When tickets to the Menier Chocolate Factory’s revival of Funny Girl went on sale, I just wasn’t fast enough (with the show becoming the Menier’s fastest selling show in 11 years). Luckily, on checking the website on Friday, I was able to nab a ticket for Saturday’s matinee. After the rapid sell out status and hype I was suitably intrigued, particularly as someone who wasn’t alive to see it on stage in London when it premiered here in 1966 and who hasn’t seen the iconic Barbara Streisand film.
Set in the 1910s and 20s, Funny Girl centres on the life of Fanny Brice, a Jewish New York girl, determined to be a star of the stage, who won’t take no for an answer. Through the show we see her grow from a young, ambitious nobody, to a hugely famous and sought after headliner. However we also see how despite her professional success, her personal life was not as happy as she’d dreamed.
Playing the title role of Fanny Brice is Sheridan Smith, who with two Olivier wins, a BAFTA and Emmy nominations under her belt is emerging as one of Britain’s rising acting talents. I first saw her on stage in Legally Blonde (a role in which she won me over, despite my initial skepticism) and have since seen her handle more serious theatrical material in Ibsen’s Hedda Gabler and Rattingan’s Flare Path. Then of course there was her television role as Cilla Black, demonstrating to a wider audience what a great vocal talent she is. She was therefore the obvious choice for the part of Fanny in 2015, stepping in to a role many thought was only able to be played by Streisand.
Her voice is very good in this production although, unlike in Legally Blonde, I thought that she struggled a little with the higher notes in some of the show’s powerful numbers. However, Smith brings her personality to the role in spades, making Fanny a person who is very believable. She plays her with a very real sense of fun, mischief, strength, determination, but also vulnerability. She is just a normal young woman, which makes the audience be naturally drawn to her and root for her happiness and success. Smith is certainly an all-round performer, which she maximizes to the full in Funny Girl, with brilliant comic timing throughout. Through her mannerisms, expressions, humour and honesty the character comes to life wonderfully and I can’t think of many actresses who would be able to bring so many necessary skills to the role.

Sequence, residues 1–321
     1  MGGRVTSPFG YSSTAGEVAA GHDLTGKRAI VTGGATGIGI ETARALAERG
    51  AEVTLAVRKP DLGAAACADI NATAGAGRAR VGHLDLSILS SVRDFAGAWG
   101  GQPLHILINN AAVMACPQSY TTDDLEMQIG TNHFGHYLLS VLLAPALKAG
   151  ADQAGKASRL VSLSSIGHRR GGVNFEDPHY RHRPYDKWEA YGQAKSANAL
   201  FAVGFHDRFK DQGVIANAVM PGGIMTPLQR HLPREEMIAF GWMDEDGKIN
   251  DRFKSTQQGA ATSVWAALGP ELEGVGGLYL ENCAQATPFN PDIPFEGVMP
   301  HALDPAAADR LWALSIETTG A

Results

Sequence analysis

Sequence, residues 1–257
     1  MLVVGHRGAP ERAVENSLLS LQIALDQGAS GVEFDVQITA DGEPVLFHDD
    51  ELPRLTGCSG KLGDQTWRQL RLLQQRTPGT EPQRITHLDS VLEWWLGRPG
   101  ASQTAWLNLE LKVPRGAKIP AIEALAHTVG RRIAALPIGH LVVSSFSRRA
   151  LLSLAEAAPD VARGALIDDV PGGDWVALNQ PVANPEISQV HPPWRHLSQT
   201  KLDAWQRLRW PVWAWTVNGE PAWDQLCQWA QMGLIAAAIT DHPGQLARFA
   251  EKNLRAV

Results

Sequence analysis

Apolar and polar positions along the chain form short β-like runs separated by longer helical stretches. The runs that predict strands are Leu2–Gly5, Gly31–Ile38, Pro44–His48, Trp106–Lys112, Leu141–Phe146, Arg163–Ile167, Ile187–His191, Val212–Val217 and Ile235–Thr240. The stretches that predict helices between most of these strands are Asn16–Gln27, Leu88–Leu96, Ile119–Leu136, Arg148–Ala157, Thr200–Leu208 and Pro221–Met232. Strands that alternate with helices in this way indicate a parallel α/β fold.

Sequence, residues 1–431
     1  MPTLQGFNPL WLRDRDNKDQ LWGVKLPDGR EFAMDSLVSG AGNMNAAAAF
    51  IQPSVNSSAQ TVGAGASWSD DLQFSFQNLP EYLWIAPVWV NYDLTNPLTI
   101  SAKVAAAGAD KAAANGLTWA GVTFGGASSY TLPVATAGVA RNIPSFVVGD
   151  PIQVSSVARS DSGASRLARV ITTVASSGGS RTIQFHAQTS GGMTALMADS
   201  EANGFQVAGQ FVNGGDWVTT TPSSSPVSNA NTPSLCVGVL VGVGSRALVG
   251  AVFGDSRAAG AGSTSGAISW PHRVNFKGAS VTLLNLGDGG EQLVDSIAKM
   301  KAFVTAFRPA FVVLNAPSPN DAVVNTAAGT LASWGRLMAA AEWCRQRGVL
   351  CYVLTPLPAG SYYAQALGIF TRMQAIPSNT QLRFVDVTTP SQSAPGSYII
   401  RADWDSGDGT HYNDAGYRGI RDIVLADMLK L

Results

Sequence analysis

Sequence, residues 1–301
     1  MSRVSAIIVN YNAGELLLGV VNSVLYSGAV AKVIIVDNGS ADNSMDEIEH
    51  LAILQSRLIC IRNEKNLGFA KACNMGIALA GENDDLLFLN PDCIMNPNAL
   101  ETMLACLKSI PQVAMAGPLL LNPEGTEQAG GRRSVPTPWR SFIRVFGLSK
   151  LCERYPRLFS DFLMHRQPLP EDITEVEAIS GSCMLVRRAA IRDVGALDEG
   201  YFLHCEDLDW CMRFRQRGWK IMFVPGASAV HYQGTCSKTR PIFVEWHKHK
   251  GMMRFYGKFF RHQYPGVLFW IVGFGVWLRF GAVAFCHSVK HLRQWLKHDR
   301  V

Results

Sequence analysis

The cast also sees the return to musical theatre of Darius Campbell (still best known for Popstars / Pop Idol) and who, after missing From Here to Eternity, I last saw on stage in the short-lived Gone with The Wind in 2008. Playing Fanny Brice’s love interest and later husband Nick Arnstein, he is the perfect tall, dark and handsome stranger, who walks in to her life in his tux and ruffled shirt. He is almost too handsome to be honest, but he has a great voice and manages to create a very credible chemistry with Smith, as we see her besotted with him, while he struggles to accept her greater success. However it is quite an under developed role on the page (despite Harvey Fierstein’s revised book), so you never really care about him the same way you care about Fanny.
There is also strong support from Marilyn Cutts as Fanny’s mother, there for all the highs and lows of her daughter’s life and Cutts and Smith have a natural bond, which is lovely to watch.
The staging has clearly been created with a larger stage in mind, perhaps even the Savoy Theatre (to which the production transfers in April). This is mainly because the production does at times feel cramped on the Menier’s intimate stage and some scenes will benefit from the larger space next year. I’ve seen a lot of comments on the costumes in this production, especially Smith’s outfits. Some are certainly nicer than others and Smith does look a bit matronly. However, I assumed this was trying to sell the play’s notion that Fanny isn’t beautiful like all the tall, slim, glamourous women of the Ziegfeld Follies. Well Smith certainly isn’t tall (her height is brilliantly made comical throughout), but she isn’t matronly by a long way and I thought the costumes had been designed deliberately to try and add some of that frumpiness. Or perhaps, they are simply unflattering outfits? Who’s to say?
As I found when I saw Gypsy this year, story-wise not that much really happens in Funny Girl (especially in the second half), but you don’t notice too much as you watch Michael Mayer’s production, mainly due to the strength of Smith’s performance, who kept my attention and emotional interest throughout. The latter certainly isn’t always a given. As someone who hasn’t seen any version of Funny Girl before, perhaps I enjoyed it more than some who can claim to have seen Streisand on stage (the lady in front of me for example), but overall I thought this was a wonderfully entertaining, uplifting production. I came out of the theatre smiling, which isn’t always guaranteed and I would definitely recommend a trip to see it if you can. Early on, Fanny sings how she’s going to be the greatest star. As Sheridan Smith’s experience and career continue to grow, I think that’s certainly going to be the case for her.
Funny Girl continues its run at the Menier Chocolate Factory until 5th March 2016. Tickets keep popping up online a few days in advance, so keep watching the website here or try for returns on the day. Its run at the Savoy Theatre starts on 9th April until 10th September 2016. For more details of the West End transfer, visit the website here.